When I joined Accenture’s Applied Intelligence team, I was surrounded by data scientists and thought: I don’t belong here! I’m a designer!
I graduated with a Bachelor in Design Computing from the University of Sydney and planned to join Accenture Interactive and work closely with Fjord.
But I was put into the Applied Intelligence team. I didn’t know why and had no idea how I could apply my design skills to this area.
But Accenture knew that my skillset was needed here in the analytics team.
Applied Intelligence focuses on data and the consumption of insights into that data. The department is broken down into seven chapters: Strategy & Advisory, Artificial Intelligence, Customer & Marketing Analytics, Operational Analytics, Big Data and AI Platforms. Then we’ve got Design-Led Visualisation and that’s where I come in.
I came across the data visualisation challenge which was a competition run by Accenture Applied Intelligence. Contestants were given a random data set. In this case it was about chocolate - where it was made and the ratings of each bar. The challenge was to create a visualisation to tell a story with that data.
Although I didn’t enter the competition, that’s when I discovered that you can actually be creative with data.
I realised that data visualisation was the simplification of the consumption of insights from data, crafted in a way that anyone can understand it. The way I like to think about data visualisation is the link between data and wisdom and it’s the platform to access both.
Infographics is one common type of data visualisation that might jump to people’s minds. But it’s much more than infographics.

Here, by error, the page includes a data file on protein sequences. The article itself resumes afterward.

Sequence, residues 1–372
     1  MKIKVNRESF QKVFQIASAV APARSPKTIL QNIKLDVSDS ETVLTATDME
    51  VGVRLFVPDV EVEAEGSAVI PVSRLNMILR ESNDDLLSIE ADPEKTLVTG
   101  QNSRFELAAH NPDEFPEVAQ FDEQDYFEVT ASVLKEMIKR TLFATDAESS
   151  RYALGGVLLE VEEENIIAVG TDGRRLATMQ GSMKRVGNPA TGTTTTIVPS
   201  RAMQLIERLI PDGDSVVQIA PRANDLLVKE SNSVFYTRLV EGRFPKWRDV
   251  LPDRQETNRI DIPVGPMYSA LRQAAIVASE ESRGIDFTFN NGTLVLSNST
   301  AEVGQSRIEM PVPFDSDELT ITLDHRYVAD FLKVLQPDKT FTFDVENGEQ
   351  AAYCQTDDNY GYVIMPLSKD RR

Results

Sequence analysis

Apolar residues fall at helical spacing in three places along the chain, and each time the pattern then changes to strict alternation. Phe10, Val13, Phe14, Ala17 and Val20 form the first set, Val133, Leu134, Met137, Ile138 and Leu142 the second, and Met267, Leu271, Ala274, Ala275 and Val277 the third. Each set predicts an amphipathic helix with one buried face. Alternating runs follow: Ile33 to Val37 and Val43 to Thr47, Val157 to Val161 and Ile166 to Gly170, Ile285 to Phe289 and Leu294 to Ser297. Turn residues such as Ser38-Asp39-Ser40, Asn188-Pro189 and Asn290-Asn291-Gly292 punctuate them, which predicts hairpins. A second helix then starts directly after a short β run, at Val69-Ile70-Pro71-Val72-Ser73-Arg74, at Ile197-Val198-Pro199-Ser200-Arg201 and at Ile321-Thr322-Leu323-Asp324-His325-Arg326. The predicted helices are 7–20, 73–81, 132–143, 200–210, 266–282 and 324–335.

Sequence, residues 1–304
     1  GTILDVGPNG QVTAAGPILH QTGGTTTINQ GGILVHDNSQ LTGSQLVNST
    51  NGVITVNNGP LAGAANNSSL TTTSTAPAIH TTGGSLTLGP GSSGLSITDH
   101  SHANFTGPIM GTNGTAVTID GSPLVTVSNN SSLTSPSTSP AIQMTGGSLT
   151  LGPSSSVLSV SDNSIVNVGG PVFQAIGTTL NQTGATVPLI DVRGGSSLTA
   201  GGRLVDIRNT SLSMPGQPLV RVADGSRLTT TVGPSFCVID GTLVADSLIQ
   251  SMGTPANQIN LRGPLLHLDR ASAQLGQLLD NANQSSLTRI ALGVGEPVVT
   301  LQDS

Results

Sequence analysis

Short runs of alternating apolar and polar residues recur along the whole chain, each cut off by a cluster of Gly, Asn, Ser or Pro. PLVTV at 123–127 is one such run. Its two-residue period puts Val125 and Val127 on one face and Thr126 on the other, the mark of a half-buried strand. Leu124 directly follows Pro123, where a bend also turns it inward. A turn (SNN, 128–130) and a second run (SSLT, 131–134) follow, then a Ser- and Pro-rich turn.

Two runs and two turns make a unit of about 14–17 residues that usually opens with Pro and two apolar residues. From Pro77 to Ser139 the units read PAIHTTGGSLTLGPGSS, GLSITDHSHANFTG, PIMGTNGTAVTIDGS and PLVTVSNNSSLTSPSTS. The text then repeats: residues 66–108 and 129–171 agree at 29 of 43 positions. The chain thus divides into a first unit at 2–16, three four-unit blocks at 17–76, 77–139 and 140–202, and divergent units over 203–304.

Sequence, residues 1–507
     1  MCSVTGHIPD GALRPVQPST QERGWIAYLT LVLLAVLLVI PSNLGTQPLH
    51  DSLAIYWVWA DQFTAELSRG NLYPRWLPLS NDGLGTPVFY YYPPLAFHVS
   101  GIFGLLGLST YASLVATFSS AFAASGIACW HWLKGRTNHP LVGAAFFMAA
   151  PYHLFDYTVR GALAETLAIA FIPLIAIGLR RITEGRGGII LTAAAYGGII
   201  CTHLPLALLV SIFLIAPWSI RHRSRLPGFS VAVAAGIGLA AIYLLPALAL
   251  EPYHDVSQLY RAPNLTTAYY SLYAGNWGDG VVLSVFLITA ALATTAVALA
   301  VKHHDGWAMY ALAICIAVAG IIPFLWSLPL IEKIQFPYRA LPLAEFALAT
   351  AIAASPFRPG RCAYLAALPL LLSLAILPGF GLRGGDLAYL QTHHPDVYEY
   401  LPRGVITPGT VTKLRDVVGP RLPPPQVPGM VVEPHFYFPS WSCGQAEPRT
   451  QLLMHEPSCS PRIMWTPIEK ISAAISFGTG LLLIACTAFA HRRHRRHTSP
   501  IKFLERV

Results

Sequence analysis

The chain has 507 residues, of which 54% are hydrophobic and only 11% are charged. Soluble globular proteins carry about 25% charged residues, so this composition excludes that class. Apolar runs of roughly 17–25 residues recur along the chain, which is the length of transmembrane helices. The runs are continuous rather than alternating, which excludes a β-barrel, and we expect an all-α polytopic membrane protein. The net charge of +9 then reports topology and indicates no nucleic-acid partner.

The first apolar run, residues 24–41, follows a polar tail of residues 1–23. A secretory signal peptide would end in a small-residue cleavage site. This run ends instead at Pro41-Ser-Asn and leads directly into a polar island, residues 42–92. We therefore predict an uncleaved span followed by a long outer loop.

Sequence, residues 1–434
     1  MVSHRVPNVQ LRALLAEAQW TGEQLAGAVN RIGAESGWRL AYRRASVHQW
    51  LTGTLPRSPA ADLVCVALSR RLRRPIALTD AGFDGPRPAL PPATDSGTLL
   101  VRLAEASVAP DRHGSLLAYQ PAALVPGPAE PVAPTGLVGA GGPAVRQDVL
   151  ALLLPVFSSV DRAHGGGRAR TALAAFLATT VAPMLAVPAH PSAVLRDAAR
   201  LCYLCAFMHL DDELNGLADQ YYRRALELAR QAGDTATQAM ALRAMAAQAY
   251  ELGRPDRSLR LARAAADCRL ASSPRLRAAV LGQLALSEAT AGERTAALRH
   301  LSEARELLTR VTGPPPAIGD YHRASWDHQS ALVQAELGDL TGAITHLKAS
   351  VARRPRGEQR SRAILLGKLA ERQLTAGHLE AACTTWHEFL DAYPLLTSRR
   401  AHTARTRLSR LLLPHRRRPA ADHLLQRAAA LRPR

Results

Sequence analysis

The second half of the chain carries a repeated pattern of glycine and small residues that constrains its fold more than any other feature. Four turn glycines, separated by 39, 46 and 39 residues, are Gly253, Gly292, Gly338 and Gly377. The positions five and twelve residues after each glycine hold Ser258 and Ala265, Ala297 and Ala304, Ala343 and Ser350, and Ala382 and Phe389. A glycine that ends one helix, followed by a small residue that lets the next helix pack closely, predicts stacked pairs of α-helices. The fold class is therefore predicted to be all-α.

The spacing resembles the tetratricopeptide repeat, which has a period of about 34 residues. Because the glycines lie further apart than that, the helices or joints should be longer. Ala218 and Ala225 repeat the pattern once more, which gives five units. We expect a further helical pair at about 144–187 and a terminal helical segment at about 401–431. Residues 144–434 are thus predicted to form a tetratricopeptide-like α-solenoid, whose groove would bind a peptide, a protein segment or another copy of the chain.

It’s becoming more accessible to everybody
Data visualisation was once solely the domain of data analysts working out trends and presenting reports and charts to execs and business users. But innovative platforms and tools have made it possible for anyone to create a graph or to find an insight. With tools such as Tableau, building graphs to show trends is much easier. One of the key things we try to focus on at Accenture is moving away from static graphs to more interactive data visualisation. So, using these platforms to create more interactive graphs where you can delve into more detail on demand.
It’s all about storytelling
Data visualisation is all about storytelling and creating an experience for the user. In order to do that it includes being able to understand the human perception of design. Understanding colours and shapes and how that creates a better story or helps the user understand what we’re trying to portray to them. It’s easy to build a chart with a tool but to do it well is another thing.
Data visualisation is becoming increasingly popular. We have all this knowledge sitting at our fingertips and data visualisation helps us quickly digest the most relevant information and turn it into wisdom and insights people can actually use. So it’s bridging the gap between technology and humans.
Importance of visual literacy
And that brings us on to the importance of visual literacy in this area. Humans can interpret the meaning of colours and shapes and visual literacy is about understanding how humans interpret visuals. There are certain design principles and elements of design that help gain a better understanding of visual literacy. The tools that are coming out are more and more user friendly and intuitive. But being able to understand the human aspect of design and make technology more humanised will help anyone in this area quite a lot.
Ten months ago when I joined Accenture, I thought I would be part of Accenture Interactive – focused on designing user interfaces and marketing and graphic design. But now, as part of the Applied Intelligence team I’m putting all my design skills to really good use in ways I never would have imagined.